Environmental design in rail transportation

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Environmental design is an emerging topic in railroad technology. Over the past twenty-five years, fuel efficiency in diesel locomotives has increased 85%,[1] allowing these trains to go farther and move more freight while using less fuel. New low-impact electric and hybrid trains reduce overall carbon emissions. Also, train manufacturers have started utilizing hydrogen technology for propulsion, with carbon emissions only coming from the manufacturing of the hydrogen itself.

Increasing efficiency while lowering emissions[edit]

Diesel trains[edit]

Diesel Train

Diesel trains replaced the steam engine in the late 1920s as a cleaner more efficient way of moving people and goods. Since 1980, the amount of freight being hauled by Diesel Trains has nearly doubled, yet the fuel consumption of trains has virtually stayed the same.[1] Estimates have shown that about 45 billion US gallons (170,000,000 m3) of fuel have been saved by increasing the efficiency in diesel trains. US Department of Energy reported that commercial airline energy intensity per passenger mile was 3,587 BTU's, automobiles were 3,549 BTUs, while commuter rail energy intensity was just 2,751 BTUs, which indicates that rail transportation is the most energy efficient of the three. The Union Pacific Rail Road has implemented a particle filter on the Тheir diesel engines. Silicon carbide blocks trap particles from the exhaust as they leave the engine, greatly reducing emissions.[2]

Electric trains[edit]

Electric trains have always had no direct carbon emissions because they are run entirely by internal electric motors. However, the means of generating the electricity used to power these motors was predominately by burning fossil fuels or coal, both of which produce a large amount of carbon emissions. With the emergence of 'clean energy' generation, electrical trains actually run with very low environmental impact. For example, the proposal for the high-speed rail line between San Francisco and Los Angeles in California has the potential for zero greenhouse gas emissions, with the 3,350 GWh each year being generated by California's extensive infrastructure of renewable energy sources.[3]

Hybrid trains[edit]

RailPower GG20B Green Goat diesel-hybrid locomotive.

Since 1986, engineers have been developing electric-diesel "hybrid" trains. One type of hybrid train implements battery power when the train is idling and at low speed movement, and a diesel engine at higher speeds. To recharge the batteries, power from the diesel motor, charge utilizing regenerative braking, or a combination of both is used. According to the Institute of Electrical and Electronics Engineers, hybrid trains reduce the carbon emissions of Diesel Trains by 19%.[4] Another type of hybrid train, such as the RailPower Technologies Green Goat, uses a large battery, and a small set of generators ("genset") for power. The genset is run at a constant speed and is attached to a generator to replenish the battery.

Hydrail[edit]

Hydrogen propulsion is an emerging technology, and is currently being implemented in locomotives. Hydrogen-powered trains dubbed "Hydrail" emit only water as a by product of combustion, and have a zero direct greenhouse gas emission. However, the process used to generate hydrogen in a form useful to power trains does produce a small amount of greenhouse gases. By using wind energy and electrolysis, 6.85 grams of greenhouse gases per MJ of LHV are produced, which is an insignificant amount compared to the 22 pounds of greenhouse gas emissions from one gallon of gasoline.[5] Trains are prime targets for hydrogen propulsion due to their ability to store massive tanks of hydrogen.[6]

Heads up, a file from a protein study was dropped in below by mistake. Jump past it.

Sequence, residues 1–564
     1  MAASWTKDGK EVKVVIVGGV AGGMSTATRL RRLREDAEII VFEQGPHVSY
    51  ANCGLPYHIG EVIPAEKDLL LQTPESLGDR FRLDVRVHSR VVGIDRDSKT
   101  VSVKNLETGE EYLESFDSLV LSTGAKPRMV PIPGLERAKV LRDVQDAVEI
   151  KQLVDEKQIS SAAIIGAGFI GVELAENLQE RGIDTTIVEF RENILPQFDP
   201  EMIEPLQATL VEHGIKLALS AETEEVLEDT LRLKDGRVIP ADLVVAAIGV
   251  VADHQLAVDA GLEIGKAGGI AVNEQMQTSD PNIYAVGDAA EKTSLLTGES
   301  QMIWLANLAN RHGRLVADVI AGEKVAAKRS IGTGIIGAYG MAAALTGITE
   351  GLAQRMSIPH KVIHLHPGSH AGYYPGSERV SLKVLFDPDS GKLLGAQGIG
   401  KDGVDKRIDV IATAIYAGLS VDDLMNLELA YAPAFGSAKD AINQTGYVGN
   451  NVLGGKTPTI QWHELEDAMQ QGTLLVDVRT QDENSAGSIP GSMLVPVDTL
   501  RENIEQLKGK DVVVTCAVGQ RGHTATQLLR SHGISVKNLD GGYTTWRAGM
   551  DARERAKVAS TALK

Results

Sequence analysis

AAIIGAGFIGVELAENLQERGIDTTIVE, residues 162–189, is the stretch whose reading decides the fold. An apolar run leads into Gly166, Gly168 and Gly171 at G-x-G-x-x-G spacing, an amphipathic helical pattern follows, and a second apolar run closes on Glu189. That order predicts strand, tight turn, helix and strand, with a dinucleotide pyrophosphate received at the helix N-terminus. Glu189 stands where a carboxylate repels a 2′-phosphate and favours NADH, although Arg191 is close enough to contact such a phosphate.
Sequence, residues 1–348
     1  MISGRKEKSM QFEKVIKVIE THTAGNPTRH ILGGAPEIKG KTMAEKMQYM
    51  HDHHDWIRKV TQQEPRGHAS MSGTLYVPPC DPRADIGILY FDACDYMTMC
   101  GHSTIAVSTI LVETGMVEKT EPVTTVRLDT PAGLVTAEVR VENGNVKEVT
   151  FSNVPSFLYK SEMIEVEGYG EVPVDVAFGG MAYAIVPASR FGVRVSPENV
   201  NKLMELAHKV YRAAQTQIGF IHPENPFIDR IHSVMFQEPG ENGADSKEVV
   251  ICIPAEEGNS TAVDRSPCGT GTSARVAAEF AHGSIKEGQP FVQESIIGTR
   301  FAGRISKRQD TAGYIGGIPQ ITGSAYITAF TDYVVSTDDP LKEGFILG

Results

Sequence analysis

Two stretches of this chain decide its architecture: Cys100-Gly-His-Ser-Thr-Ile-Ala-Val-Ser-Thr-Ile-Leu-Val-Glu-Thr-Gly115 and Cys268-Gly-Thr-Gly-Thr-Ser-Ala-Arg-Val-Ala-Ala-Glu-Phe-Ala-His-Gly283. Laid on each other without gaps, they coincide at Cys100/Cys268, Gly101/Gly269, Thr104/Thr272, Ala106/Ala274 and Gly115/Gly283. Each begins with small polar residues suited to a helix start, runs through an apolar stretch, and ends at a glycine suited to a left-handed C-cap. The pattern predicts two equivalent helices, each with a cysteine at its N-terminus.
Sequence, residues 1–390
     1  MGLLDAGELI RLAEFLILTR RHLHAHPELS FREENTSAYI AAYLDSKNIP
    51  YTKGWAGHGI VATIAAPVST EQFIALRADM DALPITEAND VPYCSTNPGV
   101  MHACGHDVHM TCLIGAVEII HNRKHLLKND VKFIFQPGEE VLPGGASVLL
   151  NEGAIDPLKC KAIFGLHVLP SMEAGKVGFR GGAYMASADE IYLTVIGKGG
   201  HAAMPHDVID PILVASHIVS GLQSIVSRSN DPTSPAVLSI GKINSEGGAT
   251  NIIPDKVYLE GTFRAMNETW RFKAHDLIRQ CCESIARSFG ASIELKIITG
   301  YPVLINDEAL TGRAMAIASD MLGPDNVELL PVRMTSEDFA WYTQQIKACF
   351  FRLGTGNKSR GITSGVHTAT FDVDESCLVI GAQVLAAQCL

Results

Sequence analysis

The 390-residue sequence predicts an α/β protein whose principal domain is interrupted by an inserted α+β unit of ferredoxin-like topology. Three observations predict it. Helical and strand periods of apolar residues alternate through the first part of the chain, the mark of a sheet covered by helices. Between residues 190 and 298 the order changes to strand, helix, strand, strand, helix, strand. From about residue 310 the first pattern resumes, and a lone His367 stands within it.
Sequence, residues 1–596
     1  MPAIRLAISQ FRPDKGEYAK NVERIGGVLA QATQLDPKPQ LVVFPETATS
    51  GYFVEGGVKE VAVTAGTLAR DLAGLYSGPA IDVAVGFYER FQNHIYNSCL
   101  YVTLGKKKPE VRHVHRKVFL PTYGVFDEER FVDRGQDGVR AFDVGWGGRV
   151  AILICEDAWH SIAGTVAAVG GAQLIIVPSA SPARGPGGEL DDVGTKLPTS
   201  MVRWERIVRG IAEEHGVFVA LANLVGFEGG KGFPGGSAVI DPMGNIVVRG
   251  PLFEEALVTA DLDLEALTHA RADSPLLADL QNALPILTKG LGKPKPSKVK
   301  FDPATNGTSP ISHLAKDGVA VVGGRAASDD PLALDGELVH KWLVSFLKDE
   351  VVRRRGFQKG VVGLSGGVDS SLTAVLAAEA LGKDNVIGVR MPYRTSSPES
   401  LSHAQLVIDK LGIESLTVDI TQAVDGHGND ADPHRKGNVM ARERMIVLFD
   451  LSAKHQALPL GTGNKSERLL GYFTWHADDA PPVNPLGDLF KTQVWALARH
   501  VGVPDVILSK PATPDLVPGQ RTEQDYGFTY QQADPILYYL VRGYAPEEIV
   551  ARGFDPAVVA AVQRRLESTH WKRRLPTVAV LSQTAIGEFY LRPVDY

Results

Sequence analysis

Emissions comparison[edit]

Rail transportation emits about 0.2 pounds of greenhouse gases per passenger mile (55 g/km) when each car is filled with 50 passengers. This figure increases to about 0.5 pounds per passenger mile (140 g/km) when only filled with half that amount. These numbers are still much lower than those of Jet transportation, about 1 pound per passenger mile (280 g/km), and that of a solo car driver, about 1.15 pounds per passenger mile (325 g/km). Even the fuel efficient Prius emits more greenhouse gases per passenger mile.[7]

Estimates have shown that if just 10% of long-distance freight that is currently moving by truck were to be moved instead by diesel trains, the resulting carbon emission reduction would be the equivalent of taking 2 million cars off the road.[8] The results are more dramatic when the diesel train figures are replaced by hybrid and electric train figures.

See also[edit]

References[edit]

  1. ^ a b "AAR: Environment". Association of American Railroads. Retrieved June 27, 2009. 
  2. ^ "UP: Environmental Management". Union Pacific Rail Road. Retrieved June 28, 2009. 
  3. ^ "Californias-220-MPH-high-speed-train". CleanTechnica.com. Retrieved June 27, 2009. 
  4. ^ "Thermo-Economic Analysis of Dual Mode Hybrid Trains: Abstract". Institute of Electrical and Electronics Engineers. Retrieved June 27, 2009. 
  5. ^ "Recent Canadian Advances in Hydrail and Nuclear Based Hydrogen Production". Hydrail. Retrieved June 27, 2009. 
  6. ^ "Hydrail: Hydrogen trains picking up steam?". Hydrail. Retrieved June 27, 2009. 
  7. ^ "How Low-Carbon Can You Go: The Green Travel Ranking". Sightline Institute. Retrieved December 9, 2014. 
  8. ^ "Green from the Start". Association of American Railroads. Retrieved December 9, 2014. 

External links[edit]